The support level refers to the price level that an asset (such as a forex pair) does not fall below for a specific period of time. Meanwhile, the resistance level refers to the point at which the price of an asset starts to meet pressure on its way up due to the emergence of a growing number of sellers who wish to sell at that price.
Here is how you can use these indicators to calculate a pivot point:
- The initial pivot point = the high, low, and close price of the previous day divided by three.
- Support 1 (S1) = This pivot point x 2, minus the previous high.
- Support 2 (S2) = Pivot point minus (previous high – previous low).
- Resistance 2 (R1) = Pivot Point x 2 minus the previous low.
- Resistance 2 (R2) = Pivot Point plus (previous high – previous low).
It is clear why many traders tend to rely on pivot points to put together a general strategy for trading popular forex pairs. Although they are not 100% predictive of price trends, they use very reliable data to make logical predictions about where a forex pair is headed in the short term, which is what makes pivot points especially popular among day traders. That being said, using pivot points is not by any means a risk-free strategy. Let’s walk through the main pros and cons of using pivot points when trading forex pairs.
The advantages of pivot points
One of the main advantages of pivot points is that they are simply one of the most accurate leading indicators that we have for the highly volatile forex market. They are able to at least predict support and resistance levels with a huge degree of accuracy.
In addition, pivot points are doubly useful for forex markets simply because currency markets are generally immune from market manipulation and are highly liquid. In addition, most market participants, including traders and liquidity providers, will be using pivot points in all of their trading activities, albeit in conjunction with a number of other technical indicators.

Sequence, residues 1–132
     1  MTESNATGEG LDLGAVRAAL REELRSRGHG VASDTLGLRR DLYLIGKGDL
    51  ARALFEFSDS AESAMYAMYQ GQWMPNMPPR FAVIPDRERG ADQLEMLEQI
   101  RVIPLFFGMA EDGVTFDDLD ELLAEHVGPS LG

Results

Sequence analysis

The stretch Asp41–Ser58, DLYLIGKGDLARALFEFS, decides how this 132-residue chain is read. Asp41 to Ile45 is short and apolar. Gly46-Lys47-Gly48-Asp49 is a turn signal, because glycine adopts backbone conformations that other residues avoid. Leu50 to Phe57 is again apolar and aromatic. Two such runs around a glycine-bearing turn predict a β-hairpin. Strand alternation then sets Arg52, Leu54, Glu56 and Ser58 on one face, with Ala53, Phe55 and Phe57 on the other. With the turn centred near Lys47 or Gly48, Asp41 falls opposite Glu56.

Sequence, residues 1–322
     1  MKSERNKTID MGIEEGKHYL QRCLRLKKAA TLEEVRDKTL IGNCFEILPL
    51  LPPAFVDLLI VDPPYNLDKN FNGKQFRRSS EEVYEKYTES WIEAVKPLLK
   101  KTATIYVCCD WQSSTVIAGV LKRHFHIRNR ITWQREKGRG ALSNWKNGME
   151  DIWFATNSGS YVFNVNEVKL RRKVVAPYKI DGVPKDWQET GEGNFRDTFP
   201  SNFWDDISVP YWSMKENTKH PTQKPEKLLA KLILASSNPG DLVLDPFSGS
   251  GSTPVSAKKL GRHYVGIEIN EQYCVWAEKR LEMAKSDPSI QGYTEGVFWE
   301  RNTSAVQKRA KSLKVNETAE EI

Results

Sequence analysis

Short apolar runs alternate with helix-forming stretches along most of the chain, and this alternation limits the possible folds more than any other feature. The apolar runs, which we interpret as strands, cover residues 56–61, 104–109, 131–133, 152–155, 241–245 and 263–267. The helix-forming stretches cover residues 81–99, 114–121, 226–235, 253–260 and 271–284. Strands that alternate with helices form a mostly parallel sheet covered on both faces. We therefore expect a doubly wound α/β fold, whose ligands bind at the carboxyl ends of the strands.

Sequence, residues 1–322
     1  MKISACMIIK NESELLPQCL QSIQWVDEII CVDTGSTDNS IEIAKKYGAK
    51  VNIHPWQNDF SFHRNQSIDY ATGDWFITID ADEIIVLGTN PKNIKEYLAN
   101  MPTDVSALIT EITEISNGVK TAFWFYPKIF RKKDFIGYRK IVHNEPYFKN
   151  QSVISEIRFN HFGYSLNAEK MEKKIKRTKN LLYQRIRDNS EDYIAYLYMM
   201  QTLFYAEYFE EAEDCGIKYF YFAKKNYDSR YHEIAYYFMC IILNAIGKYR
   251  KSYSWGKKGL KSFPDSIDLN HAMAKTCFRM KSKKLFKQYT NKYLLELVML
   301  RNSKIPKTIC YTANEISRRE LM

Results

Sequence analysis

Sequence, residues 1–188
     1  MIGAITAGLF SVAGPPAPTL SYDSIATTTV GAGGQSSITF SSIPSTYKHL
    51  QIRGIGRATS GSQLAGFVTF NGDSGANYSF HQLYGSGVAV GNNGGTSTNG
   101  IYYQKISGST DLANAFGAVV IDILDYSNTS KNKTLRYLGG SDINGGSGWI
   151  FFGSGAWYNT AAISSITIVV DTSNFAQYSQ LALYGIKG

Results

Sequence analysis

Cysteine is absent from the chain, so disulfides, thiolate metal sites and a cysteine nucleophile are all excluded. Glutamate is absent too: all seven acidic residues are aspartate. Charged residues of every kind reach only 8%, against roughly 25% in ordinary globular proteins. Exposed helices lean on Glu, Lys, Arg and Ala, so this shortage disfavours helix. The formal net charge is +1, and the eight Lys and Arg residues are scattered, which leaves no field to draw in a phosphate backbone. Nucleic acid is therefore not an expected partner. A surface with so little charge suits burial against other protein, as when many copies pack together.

Finally, it is important to note that pivot point calculation is very easy and does not require any additional software for a retail trader to accurately complete.
The risks of pivot points
Pivot points are not fool-proof indicators and using them actually comes with substantial risks, especially if you do not use other indicators when forming your forex trading strategy. First, it should be noted that, if highs and lows in a forex pair are particularly narrow, pivot points are likely to give off false signals due to these small ranges.
In addition, pivot points will also give off false trading signals during non-trading days (i.e. weekends), as the data being used is not reliable market data. This narrowness also means that it can sometimes be very difficult to place a stop-loss using pivot points, which puts you at risk of substantial losses.
Why do traders use pivot points as a strategy?
As mentioned, pivot points remain one of the most reliable market indicators that we can possibly ask for in the forex market. Pivot points can also reliably indicate when a large number of market participants are entering a forex pair at the same time.
Detecting these market inflows is very important, as these tend to lead to the kinds of breakouts where most traders make their money. Calculating pivot points is a very easy and quick way for traders to set the price points at which to open and close a position. Finally, traders prefer pivot points because they can be used to calculate price points on a daily, weekly, monthly, or even yearly trading period.
How to start using pivot points
To start using pivot points, you need to use a forex broker that offers real market data and charts that contain all of the indicators needed to calculate pivot points. Ideally, you should be using candlestick charts, as these contain all of the fundamentals that are required for a pivot point calculation. Once you have the data, you can simply conduct your calculations and use these to decide when to open and close your forex positions.
Choose a reliable broker for forex trading
Using pivot points in forex trading requires a broker that can provide you with the data and indicators that you need to succeed. For this, we have got you covered. Make sure to consult our in-depth forex broker reviews to find the licensed UK platforms that can help you make informed trading decisions.